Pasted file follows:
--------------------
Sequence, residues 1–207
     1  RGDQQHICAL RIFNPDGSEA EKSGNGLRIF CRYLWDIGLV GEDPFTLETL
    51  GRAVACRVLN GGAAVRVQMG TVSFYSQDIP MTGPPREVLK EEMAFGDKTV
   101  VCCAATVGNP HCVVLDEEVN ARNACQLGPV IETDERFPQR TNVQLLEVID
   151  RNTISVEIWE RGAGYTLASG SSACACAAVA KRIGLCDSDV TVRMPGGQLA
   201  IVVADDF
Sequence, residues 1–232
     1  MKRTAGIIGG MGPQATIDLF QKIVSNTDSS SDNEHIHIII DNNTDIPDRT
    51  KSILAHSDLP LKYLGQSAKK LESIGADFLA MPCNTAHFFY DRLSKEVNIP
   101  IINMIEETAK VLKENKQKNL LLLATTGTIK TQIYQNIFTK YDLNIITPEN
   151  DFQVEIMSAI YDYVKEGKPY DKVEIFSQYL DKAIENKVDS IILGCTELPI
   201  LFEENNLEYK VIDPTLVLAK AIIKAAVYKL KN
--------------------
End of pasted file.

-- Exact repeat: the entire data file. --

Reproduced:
Sequence, residues 1–207
     1  RGDQQHICAL RIFNPDGSEA EKSGNGLRIF CRYLWDIGLV GEDPFTLETL
    51  GRAVACRVLN GGAAVRVQMG TVSFYSQDIP MTGPPREVLK EEMAFGDKTV
   101  VCCAATVGNP HCVVLDEEVN ARNACQLGPV IETDERFPQR TNVQLLEVID
   151  RNTISVEIWE RGAGYTLASG SSACACAAVA KRIGLCDSDV TVRMPGGQLA
   201  IVVADDF
Sequence, residues 1–232
     1  MKRTAGIIGG MGPQATIDLF QKIVSNTDSS SDNEHIHIII DNNTDIPDRT
    51  KSILAHSDLP LKYLGQSAKK LESIGADFLA MPCNTAHFFY DRLSKEVNIP
   101  IINMIEETAK VLKENKQKNL LLLATTGTIK TQIYQNIFTK YDLNIITPEN
   151  DFQVEIMSAI YDYVKEGKPY DKVEIFSQYL DKAIENKVDS IILGCTELPI
   201  LFEENNLEYK VIDPTLVLAK AIIKAAVYKL KN